Aggressive measures in Alberta: Strict new rules for visiting seniors in care facilities
Province of Alberta COVID-19 Update for March 20
NOTE: Dr. Deena Hinshaw reports approximately 30 minutes into this video
Forty-nine additional cases of COVID-19 have been confirmed, bringing the total number of cases in the province to 195.
Aggressive public health measures continue to help limit the spread of COVID-19.
- Cases have been identified in all zones across the province:
- 126 cases in the Calgary zone
- 43 cases in the Edmonton zone
- 17 cases in the North zone
- Five cases in the South zone
- Four cases in the Central zone
- Of these cases, 10 are currently hospitalized, five have been admitted to intensive care units (ICU), and one patient has died.
- At this time, three have recovered.
- Aggregate data, showing cases by age range and zone, as well as by local geographical areas, is available online at alberta.ca/covid19statistics.
Stronger restrictions are being put in place for visitors to long-term and seniors care facilities. Essential visitors will be restricted to a single individual who can be family, a friend, or a paid companion who provides care and companionship necessary for the well-being of the resident (physical and mental health) and/or a single designated visitor for a person who is dying, as long as only one visitor enters the facility at a time. Every visitor will undergo a health screening.
- Albertans are reminded of the importance of social distancing as an important way to minimize the spread of COVID-19.
- Albertans are discouraged from attending large shopping malls and other large public spaces, unless necessary.
- A tip sheet is available to help Albertans understand ways to minimize close contact with others in community settings.
- Mass gathering limitations and restrictions around public recreation and private entertainment facilities remain in place across the province.
- If Albertans see facilities that are not following these limitations and restrictions, they are asked to notify public health inspectors at Alberta Health Services through the online complaint form.
- For concerns related to dental practices, contact the Alberta Dental Association and College.
- For concerns related to medical offices and other patient care facilities, contact the College of Physicians and Surgeons of Alberta.
- While there are no restrictions at this time regarding personal services like hair salons, Albertans are reminded to reduce the number of times they leave their house to perform errands, practise social distancing and limit the amount of time they spend in crowded spaces.
- All Albertans need to work together to overcome COVID-19. Albertans are asked to share acts of kindness they have experienced in their community during this difficult time by using the hashtag #AlbertaCares.
ATB Financial services
ATB Financial has temporarily closed selected branches and has reduced hours for all other branches in order to protect the health and safety of their team members, customers and the communities they serve. Details about ATB Financial’s customer relief programs, closures and reduced hours can be found at atb.com.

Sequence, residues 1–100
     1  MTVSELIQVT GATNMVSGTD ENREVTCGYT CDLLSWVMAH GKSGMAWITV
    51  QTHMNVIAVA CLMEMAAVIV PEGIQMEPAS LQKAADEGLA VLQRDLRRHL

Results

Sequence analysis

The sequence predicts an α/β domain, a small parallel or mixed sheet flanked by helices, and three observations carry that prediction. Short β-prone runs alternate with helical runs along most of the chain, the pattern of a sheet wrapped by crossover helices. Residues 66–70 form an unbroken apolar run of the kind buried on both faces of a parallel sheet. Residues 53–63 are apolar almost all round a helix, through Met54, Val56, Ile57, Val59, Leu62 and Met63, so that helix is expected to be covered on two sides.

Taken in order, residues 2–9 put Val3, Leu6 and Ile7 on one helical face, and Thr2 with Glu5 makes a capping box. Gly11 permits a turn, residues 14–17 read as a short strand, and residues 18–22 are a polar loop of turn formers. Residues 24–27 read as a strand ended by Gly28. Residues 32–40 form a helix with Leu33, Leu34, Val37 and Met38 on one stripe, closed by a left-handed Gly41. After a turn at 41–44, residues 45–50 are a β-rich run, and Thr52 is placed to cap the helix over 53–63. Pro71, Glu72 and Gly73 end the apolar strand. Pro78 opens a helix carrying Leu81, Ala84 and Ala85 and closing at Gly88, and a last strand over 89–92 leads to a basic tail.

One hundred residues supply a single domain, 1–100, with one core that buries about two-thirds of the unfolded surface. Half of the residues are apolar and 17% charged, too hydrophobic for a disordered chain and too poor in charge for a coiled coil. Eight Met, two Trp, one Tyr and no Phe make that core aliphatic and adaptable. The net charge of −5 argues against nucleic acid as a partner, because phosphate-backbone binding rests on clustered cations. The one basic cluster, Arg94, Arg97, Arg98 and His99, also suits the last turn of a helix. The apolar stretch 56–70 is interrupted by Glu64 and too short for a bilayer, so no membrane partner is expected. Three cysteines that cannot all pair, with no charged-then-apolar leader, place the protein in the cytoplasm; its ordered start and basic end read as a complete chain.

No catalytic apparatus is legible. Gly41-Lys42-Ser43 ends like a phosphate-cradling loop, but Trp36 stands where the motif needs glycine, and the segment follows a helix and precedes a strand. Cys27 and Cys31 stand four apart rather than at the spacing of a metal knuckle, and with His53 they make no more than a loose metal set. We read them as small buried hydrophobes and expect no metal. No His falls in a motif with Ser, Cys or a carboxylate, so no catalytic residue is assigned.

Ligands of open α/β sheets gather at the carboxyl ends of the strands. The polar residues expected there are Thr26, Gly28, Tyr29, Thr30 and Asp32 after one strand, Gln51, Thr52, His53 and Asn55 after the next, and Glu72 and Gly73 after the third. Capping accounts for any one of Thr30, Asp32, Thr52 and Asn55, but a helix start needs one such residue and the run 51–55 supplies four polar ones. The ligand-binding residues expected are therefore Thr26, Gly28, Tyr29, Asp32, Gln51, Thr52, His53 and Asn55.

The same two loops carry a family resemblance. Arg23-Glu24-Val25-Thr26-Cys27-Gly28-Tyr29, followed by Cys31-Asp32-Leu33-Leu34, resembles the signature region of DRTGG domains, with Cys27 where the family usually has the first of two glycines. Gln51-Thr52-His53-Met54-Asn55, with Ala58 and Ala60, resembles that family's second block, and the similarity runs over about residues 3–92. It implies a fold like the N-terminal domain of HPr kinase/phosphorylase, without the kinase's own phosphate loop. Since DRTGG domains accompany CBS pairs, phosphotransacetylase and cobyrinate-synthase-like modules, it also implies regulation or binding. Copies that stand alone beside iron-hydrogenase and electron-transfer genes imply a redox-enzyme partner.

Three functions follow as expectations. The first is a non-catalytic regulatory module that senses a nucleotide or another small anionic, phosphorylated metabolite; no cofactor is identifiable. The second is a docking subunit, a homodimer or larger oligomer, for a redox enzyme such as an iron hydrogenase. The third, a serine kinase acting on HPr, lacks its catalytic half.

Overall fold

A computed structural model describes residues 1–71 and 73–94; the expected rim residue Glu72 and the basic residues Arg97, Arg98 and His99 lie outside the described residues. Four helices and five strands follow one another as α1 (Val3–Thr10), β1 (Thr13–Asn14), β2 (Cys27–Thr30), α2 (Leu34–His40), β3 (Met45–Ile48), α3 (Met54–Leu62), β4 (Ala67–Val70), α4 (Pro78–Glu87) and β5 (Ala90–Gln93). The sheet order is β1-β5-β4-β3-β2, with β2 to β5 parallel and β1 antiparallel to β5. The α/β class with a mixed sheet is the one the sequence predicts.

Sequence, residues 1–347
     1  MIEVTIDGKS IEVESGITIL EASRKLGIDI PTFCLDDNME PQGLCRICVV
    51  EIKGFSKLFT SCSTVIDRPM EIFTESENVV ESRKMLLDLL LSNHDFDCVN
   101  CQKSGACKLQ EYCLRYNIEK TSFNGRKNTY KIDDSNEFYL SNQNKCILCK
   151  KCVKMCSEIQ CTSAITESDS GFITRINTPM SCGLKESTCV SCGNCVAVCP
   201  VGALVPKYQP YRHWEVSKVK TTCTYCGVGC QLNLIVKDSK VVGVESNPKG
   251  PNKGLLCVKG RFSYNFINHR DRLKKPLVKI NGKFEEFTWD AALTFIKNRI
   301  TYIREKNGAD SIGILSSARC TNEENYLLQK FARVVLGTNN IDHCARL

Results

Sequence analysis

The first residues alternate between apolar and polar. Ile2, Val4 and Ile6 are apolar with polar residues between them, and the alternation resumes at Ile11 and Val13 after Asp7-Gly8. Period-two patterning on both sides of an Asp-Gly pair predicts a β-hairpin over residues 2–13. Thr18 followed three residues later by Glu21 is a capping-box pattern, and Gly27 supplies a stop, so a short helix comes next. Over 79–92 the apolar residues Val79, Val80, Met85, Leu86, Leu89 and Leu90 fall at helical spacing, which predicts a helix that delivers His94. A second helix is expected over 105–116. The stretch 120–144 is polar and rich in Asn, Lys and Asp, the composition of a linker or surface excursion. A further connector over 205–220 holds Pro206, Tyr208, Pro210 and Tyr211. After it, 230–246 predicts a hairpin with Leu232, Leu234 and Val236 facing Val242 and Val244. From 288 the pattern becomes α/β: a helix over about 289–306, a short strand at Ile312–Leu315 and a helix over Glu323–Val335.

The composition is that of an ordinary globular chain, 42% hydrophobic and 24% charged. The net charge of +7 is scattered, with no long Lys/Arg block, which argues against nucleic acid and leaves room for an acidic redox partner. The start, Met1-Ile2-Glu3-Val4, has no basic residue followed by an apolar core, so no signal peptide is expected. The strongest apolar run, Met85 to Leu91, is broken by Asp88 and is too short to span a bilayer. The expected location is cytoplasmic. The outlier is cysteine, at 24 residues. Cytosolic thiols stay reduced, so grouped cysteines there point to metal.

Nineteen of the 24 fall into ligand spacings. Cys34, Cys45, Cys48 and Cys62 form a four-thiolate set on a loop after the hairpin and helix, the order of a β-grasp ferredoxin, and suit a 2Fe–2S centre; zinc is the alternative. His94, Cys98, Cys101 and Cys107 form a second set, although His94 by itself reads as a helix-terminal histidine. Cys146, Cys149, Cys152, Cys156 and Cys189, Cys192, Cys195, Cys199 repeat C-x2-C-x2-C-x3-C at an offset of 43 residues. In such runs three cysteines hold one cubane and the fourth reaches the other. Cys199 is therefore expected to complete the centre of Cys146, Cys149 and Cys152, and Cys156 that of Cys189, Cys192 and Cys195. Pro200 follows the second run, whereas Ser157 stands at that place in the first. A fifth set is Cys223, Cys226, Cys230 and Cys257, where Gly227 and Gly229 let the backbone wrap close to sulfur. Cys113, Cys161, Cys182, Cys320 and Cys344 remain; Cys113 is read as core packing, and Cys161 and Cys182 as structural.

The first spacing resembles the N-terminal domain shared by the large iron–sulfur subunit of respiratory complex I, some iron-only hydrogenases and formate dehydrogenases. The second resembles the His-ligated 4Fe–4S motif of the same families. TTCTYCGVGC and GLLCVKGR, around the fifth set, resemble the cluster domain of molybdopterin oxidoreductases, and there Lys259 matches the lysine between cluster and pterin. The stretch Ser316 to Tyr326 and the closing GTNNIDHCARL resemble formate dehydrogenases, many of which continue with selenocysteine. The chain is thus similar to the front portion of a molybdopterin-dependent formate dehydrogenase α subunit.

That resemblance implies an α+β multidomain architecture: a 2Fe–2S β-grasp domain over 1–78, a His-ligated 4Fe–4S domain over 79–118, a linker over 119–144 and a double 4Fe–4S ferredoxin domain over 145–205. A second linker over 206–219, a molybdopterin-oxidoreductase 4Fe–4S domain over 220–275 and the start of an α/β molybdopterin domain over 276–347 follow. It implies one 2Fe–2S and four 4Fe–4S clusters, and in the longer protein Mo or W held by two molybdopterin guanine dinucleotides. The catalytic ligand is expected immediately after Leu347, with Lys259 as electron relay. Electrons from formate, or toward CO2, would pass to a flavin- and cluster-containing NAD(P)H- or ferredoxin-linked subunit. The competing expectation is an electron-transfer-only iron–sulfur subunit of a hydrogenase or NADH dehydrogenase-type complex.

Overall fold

Driver road tests suspended
Effective immediately, driver road tests are suspended until April 20. Albertans who already have a road test booked will be able to rebook online using the same test permit at no additional charge. We are working with the commercial carrier industry to deliver emergency Class 1 road tests as necessary.
Alberta Corporate Registry annual returns suspended
In keeping with public gathering restrictions, deadlines are suspended for businesses, corporations and non-profits that require holding annual general meetings in order to file their annual returns with Alberta Corporate Registry.
Winter camping closing
Alberta Parks is closing winter camping effective immediately and not accepting new winter camping reservations to limit the spread of COVID-19. Bookings for winter camping sites will be cancelled and customers notified via the online reservation system or by phone. Refunds will also be issued.
Liquor and cannabis retailers remain open
Liquor and cannabis retail locations remain open in Alberta. AGLC is maintaining business as usual. There is no impact to supply. Contact aglc.ca for more information.
Some liquor manufacturers producing hand sanitizer
Some Alberta distillers have begun producing or indicating an interest to produce alcohol-based hand sanitizers in their facilities to help fill a gap in many markets due to COVID-19. AGLC is supporting the manufacturers’ efforts, and more information can be found at https://aglc.ca/bulletin/production-hand-sanitizer-class-e. Check with your local distiller regarding the availability of hand sanitizers.
Information for travellers
Travel outside the country is strongly discouraged. Given the rapid global spread of the virus, it is no longer possible to assess health risks for the duration of the trip.
Any traveller returning from outside of the country should self-isolate for 14 days, even if they are feeling well, and monitor for symptoms.
Any traveller who has returned before March 12 should closely monitor themselves for symptoms. If they experience symptoms, they should self-isolate immediately and call Health Link 811 for follow-up assessment and testing.